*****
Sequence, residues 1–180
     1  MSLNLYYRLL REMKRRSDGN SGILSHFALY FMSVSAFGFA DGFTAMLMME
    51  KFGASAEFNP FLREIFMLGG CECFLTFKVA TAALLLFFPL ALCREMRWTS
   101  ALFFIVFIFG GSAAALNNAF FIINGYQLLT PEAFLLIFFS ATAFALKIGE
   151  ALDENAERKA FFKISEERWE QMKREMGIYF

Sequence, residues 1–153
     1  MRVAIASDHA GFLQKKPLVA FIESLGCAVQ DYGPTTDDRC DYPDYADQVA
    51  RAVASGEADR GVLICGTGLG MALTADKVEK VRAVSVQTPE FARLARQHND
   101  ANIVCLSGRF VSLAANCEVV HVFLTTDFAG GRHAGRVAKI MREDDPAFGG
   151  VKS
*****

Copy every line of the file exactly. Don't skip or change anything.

Sequence, residues 1–180
     1  MSLNLYYRLL REMKRRSDGN SGILSHFALY FMSVSAFGFA DGFTAMLMME
    51  KFGASAEFNP FLREIFMLGG CECFLTFKVA TAALLLFFPL ALCREMRWTS
   101  ALFFIVFIFG GSAAALNNAF FIINGYQLLT PEAFLLIFFS ATAFALKIGE
   151  ALDENAERKA FFKISEERWE QMKREMGIYF

Sequence, residues 1–153
     1  MRVAIASDHA GFLQKKPLVA FIESLGCAVQ DYGPTTDDRC DYPDYADQVA
    51  RAVASGEADR GVLICGTGLG MALTADKVEK VRAVSVQTPE FARLARQHND
   101  ANIVCLSGRF VSLAANCEVV HVFLTTDFAG GRHAGRVAKI MREDDPAFGG
   151  VKS